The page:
I just want to put a “-30-” on this. The New York Times reported earlier today that disclosures will be added to David Brooks’ past columns in which he had a conflict of interest (background here). He’s resigned from his paid position at the Aspen Institute. Most important, I think, is this:
Mr. Brooks had received approval to take the paid position at Aspen in 2018, according to Eileen Murphy, a Times spokeswoman, but the current editors of the opinion section did not know about the arrangement.
Presumably this means that Brooks’ outside work was approved by former editorial-page editor James Bennet, who apparently saw nothing wrong with Brooks’ writing about Facebook and other Aspen funders without disclosing that to readers. Bennet is truly the gift that keeps on giving.
Brooks should have been more forthcoming than he was in his modified limited hangout on the “PBS NewsHour” Friday night. But barring any further disclosures, this story feels like it’s over.
And kudos to Craig Silverman and Ryan Mac of BuzzFeed News for their dogged reporting.
New York Times columnist David Brooks addressed the Weave matter Friday evening durng his regular appearance on the “PBS NewsHour” — which places Judy Woodruff and company several steps ahead of the Times when it comes to transparency.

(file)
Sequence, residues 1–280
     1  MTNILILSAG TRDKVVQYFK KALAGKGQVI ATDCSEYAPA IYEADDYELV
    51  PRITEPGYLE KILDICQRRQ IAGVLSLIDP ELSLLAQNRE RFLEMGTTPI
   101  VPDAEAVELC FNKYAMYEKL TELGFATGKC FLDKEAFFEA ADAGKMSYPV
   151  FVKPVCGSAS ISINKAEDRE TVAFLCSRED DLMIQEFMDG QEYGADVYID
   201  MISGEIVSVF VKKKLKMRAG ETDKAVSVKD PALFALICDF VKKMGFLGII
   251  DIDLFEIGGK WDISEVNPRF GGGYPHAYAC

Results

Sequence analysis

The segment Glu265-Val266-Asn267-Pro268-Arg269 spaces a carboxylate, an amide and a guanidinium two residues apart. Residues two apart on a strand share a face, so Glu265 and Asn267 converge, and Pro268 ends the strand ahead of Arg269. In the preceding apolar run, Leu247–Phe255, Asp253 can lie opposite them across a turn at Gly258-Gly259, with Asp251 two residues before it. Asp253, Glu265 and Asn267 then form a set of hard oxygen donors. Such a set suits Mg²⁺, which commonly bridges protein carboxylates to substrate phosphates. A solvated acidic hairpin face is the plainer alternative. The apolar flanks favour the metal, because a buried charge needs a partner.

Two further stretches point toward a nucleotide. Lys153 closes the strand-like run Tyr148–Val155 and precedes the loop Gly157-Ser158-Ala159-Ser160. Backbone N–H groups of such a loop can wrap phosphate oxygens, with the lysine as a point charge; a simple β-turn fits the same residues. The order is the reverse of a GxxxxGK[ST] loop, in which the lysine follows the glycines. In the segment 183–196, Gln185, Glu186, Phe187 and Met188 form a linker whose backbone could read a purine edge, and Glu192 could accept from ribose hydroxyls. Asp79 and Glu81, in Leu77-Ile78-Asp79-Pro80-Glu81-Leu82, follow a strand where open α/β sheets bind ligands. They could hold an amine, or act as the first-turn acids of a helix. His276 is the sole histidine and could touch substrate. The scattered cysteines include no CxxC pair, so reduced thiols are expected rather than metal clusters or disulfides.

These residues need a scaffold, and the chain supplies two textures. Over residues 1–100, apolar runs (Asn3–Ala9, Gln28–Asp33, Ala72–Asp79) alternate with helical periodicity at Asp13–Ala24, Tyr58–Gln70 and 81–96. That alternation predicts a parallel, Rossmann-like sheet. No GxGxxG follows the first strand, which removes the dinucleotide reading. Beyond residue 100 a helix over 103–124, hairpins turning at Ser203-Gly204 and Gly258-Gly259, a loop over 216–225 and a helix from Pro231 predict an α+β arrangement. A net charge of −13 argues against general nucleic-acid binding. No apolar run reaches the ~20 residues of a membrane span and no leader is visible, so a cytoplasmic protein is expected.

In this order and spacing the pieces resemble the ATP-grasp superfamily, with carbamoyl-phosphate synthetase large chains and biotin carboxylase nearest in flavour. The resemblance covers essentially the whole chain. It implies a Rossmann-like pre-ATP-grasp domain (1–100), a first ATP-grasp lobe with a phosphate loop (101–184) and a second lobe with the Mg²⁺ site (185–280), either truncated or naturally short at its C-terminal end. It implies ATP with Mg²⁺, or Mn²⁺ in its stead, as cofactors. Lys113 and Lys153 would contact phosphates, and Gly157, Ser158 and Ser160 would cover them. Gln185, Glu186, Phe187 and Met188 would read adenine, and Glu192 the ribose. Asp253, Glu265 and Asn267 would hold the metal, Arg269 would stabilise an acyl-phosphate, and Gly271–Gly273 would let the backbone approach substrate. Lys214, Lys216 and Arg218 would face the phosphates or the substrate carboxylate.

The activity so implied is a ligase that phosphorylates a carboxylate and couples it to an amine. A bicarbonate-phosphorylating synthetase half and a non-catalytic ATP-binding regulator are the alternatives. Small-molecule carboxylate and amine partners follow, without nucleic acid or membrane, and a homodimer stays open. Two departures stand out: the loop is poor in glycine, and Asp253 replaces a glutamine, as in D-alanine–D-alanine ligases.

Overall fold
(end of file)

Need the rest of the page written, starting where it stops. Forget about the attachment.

Brooks was nervous through the segment, which began with his usual back-and-forth with Washington Post columnist Jonathan Capehart. At the end, in the clip that I’ve bookmarked above (start at 8:48 if it doesn’t happen automatically), Woodruff gave Brooks a chance to explain himself. I thought he seemed sincerely interested in trying to set things right, but that he wasn’t entirely forthcoming.
He began by saying, “First, we did totally disclose it,” referring to his salary at the Aspen Institute, where he runs Weave, a civic-engagement initiative. Later, he seemed to say that what he meant was he’d disclosed it to his superiors at the Times. Certainly his readers and viewers didn’t know it.
He also said he had “not meaningfully written” about any of Weave’s funders, including Facebook, even though BuzzFeed News — which broke the story — has presented evidence to the contrary. Nor did he mention a post he wrote for Facebook’s blog in which he sang the praises of Facebook Groups, also revealed by BuzzFeed.
“It has not affected my journalism,” he insisted. Nevertheless, he conceded that his critics have a point and said he’ll be making changes over the next week.
How will this end? I suspect the Times will announce a policy pertaining to all of their in-house opinion journalists, and that will be the end of it — especially if Brooks can prove that management knew about his Weave salary.